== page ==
Helpful Hints

General Cutting Instructions


• Blades are very sharp, so keep the safety shield on when not in use. Keep rotary cutters out of the reach of children.

• Always roll the cutter away from your body.

• When cutting, hold the ruler steady. If possible move one or two fingers off the ruler and place on the fabric or cutting mat opposite of the side you are cutting on.

• On longer cuts, periodically stop cutting and move your hand up on the ruler so that it is even with the cutter. Make sure the ruler is still correctly aligned.


The rotary method begins with cutting strips of fabric.

Step 1. Fold fabric in half lengthwise, matching selvage edges. Hold fabric up off the table and slide the matched selvage edges in opposite directions until the fabric hangs straight with the selvages aligned. If it hangs with a crease or buckle, keep adjusting until in hangs smooth.Straight Strips

Step 2. Lay the fabric down on a cutting mat with the folded edge closest to your body. Align a square plastic cutting ruler, 6” or larger, with the fold of the fabric approximately ½” from the uneven fabric end. Position a 6” x 24” cutting ruler against the left edge of the square, making sure it is placed far enough onto the fabric that a cut down its right edge will slice through all layers. When making all cuts, the fabric should be placed to your right with the ruler covering the strip that you are cutting at the moment. (If you are left-handed, work from the other end of the fabric, reversing the directions.)Straight Strips 2

Step 3. Take the ruled square away but keep the 6” x 24” ruler in place. Place a finger off the ruler to serve as an anchor and to prevent slipping. Make a rotary cut along the right side of the ruler. Use firm and even pressure as you cut. Begin rolling the cutter before you reach the fabric’s folded edge and continue across. You have now trimmed away the uneven fabric edge from the end of the fabric and created a cut edge that is at a perfect 90-degree angle to the fold.

Step 4. Reposition your ruler atop the fabric so it measures your desired cut strip width by aligning a vertical line (or dashes) on the ruler with the cut edge of the fabric. For example, if you need a 2” strip, line up the 2” line on the ruler with the cut edge of the fabric and cut. Open the fabric strips periodically to make sure you are making straight cuts. If not, use the square cutting ruler to realign and square up the edge again.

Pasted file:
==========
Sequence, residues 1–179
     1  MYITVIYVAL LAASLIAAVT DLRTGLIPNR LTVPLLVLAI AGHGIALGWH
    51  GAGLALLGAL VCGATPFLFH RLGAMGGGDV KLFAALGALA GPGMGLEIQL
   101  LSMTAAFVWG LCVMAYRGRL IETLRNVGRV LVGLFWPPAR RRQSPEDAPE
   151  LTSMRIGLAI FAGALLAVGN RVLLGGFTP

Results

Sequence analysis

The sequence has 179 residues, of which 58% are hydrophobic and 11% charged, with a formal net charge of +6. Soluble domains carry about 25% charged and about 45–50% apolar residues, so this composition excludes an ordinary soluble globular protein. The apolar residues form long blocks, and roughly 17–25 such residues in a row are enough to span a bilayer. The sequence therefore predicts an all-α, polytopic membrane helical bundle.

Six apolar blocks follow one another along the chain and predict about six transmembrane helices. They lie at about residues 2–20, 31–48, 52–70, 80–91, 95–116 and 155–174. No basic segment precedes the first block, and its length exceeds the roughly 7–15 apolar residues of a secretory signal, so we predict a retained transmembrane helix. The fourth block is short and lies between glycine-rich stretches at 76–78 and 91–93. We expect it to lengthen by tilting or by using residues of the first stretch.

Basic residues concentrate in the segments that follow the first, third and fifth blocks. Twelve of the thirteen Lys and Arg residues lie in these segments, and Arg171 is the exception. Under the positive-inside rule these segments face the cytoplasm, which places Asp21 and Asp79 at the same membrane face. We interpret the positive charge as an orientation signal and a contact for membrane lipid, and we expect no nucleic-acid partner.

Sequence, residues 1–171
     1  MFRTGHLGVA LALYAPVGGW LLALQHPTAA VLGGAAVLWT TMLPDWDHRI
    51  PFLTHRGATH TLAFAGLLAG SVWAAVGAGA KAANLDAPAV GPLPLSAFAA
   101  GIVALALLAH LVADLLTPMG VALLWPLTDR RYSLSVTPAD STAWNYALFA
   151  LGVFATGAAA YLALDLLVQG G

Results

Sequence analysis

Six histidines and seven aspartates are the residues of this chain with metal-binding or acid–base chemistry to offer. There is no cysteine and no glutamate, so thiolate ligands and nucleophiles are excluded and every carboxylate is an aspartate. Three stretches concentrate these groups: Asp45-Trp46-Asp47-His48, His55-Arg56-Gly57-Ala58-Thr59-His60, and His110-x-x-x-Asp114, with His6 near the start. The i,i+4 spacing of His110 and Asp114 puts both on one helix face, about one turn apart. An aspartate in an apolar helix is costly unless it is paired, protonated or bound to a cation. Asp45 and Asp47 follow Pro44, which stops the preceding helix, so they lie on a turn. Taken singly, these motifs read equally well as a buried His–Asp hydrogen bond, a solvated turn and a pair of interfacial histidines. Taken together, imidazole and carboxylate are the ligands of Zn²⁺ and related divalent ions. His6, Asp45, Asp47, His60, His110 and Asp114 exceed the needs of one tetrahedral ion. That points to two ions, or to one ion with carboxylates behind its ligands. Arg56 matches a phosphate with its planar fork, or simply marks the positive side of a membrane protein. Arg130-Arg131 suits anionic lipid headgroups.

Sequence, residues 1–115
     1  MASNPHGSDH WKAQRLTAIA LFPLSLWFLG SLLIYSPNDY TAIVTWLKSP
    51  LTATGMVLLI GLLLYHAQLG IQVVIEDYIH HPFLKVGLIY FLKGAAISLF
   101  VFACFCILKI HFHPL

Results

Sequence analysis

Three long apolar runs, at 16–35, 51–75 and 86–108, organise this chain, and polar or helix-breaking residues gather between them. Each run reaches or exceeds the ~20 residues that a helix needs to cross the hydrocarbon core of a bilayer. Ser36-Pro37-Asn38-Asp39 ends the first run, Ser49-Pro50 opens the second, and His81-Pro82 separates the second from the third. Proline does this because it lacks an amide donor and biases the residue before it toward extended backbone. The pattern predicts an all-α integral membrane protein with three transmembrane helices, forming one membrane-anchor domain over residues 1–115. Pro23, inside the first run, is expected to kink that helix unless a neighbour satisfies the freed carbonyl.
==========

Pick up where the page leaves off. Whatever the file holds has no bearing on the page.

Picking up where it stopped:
The strip method of rotary cutting patches quickly yields many squares or rectangles of one fabric.Squares

Step 1. Cut fabric in strips the size of the square or rectangle. If you want 3” squares, cut 3” strips. For a 3” by 6” rectangle, cut either 6” or 3” strips and divide accordingly.

Step 2. Using a ruled square or other cutting ruler, align the vertical rule with the cut edge of the strip. Line up the top or bottom edge of the strip with a horizontal line on the ruler to ensure that your square or rectangle will have square corners (90-degree). Cut the fabric into squares or rectangles the width of the strip.


When a strip of fabric will make more squares or rectangles than you need, cut just what you need using a ruled square. You can also cut one or two pieces from several different fabrics at one time. Layer up to four different fabrics and follow these steps.Squares 2

Step 1. Position the square ruler on a corner of the fabric(s). Make two cuts along the edges of the ruler that are on the fabric. Use measurements slightly larger than the desired cut size.

Squares 3Step 2. Turn the separated fabric around and position the edges you just cut at the desired cutting measurement. Make the final two cuts to true up the fabric square or rectangle.